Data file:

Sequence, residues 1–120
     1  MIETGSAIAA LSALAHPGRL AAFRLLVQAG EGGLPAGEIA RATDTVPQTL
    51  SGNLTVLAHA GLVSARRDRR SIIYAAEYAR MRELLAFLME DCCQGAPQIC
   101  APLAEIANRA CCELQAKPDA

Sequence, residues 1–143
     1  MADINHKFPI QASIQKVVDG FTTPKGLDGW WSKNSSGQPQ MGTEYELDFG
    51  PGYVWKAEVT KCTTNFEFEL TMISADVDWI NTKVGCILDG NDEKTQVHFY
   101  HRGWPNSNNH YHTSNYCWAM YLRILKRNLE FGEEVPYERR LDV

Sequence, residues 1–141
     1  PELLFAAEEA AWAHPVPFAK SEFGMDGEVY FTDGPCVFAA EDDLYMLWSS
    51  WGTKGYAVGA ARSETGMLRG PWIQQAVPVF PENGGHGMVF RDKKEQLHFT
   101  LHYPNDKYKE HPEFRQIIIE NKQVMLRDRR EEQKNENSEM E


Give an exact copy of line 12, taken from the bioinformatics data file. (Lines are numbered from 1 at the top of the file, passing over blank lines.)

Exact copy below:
   101  LHYPNDKYKE HPEFRQIIIE NKQVMLRDRR EEQKNENSEM E